The small cell market is set for a boost from the Federal Communications Commission, which today unveiled a notice of proposed rulemaking to create a “Citizens Broadband Service” in the 3.5 GHz spectrum band that “will promote two major advances that enable more efficient use of radio spectrum: small cells and spectrum sharing.”
As part of the NPRM, the FCC is looking at whether it will be feasible to open up approximately 100 megahertz of spectrum in the 3550-3650 MHz bands for small cell technologies, possibly on an unlicensed basis. Currently, the most prolific unlicensed spectrum used for wireless services resides in the 2.4 GHz band that is used for Wi-Fi services.
The 3.5 GHz band is now in the hands of the Department of Defense for use in certain radar installations, as well as by “non-federal fixed satellite service earth stations for receive-only, space-to-earth operations and feeder links.” The somewhat limited propagation characteristics of the 3.5 GHz band are thought to be a good fit for the dense deployment plans for small cells and would likely limit interference with current users.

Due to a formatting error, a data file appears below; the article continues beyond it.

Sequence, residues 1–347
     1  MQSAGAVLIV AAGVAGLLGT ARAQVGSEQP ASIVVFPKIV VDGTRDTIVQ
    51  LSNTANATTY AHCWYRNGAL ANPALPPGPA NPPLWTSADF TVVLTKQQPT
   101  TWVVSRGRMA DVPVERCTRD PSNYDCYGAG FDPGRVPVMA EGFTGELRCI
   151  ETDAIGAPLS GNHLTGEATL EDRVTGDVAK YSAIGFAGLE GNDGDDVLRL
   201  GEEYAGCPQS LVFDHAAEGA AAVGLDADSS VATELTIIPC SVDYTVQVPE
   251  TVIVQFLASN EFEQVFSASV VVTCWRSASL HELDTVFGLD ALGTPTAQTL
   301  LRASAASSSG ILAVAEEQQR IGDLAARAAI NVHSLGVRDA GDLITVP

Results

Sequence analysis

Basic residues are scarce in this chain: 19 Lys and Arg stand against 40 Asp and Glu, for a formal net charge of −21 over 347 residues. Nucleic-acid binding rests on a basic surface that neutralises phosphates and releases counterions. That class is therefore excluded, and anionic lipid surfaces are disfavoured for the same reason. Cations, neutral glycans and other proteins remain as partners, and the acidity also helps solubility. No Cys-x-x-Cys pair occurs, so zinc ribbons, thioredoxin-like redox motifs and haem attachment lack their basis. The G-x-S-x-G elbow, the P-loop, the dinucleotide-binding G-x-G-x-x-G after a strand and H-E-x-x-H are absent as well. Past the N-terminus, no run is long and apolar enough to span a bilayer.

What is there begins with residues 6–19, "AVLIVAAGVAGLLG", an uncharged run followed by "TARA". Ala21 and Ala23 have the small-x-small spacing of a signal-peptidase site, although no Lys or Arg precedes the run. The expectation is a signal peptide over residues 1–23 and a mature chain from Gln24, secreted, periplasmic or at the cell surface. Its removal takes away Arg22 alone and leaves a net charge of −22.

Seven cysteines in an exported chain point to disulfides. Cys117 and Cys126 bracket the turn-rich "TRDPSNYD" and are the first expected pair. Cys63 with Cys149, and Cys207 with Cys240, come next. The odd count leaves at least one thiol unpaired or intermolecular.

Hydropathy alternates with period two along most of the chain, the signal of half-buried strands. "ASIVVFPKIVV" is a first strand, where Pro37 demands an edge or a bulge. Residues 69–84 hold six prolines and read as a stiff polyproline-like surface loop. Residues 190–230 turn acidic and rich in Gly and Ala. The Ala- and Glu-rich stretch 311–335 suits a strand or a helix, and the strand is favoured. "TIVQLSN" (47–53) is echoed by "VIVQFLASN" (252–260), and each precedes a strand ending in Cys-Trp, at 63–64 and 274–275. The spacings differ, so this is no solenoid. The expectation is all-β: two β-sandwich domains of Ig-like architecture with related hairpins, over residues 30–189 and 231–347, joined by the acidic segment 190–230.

The FCC is also looking at potentially extending the spectrum allocation an additional 50 megahertz up to the 3700 MHz band. That spectrum band is currently used by the federal government in just a few locations.
The move to free up spectrum assets has been a primary venture at the FCC, which has been tasked with following up on President Obama’s 2010 memorandum to free up 500 megahertz of spectrum assets by 2020 for the mobile space. That memorandum followed the filing of the National Broadband Plan by the FCC with Congress.
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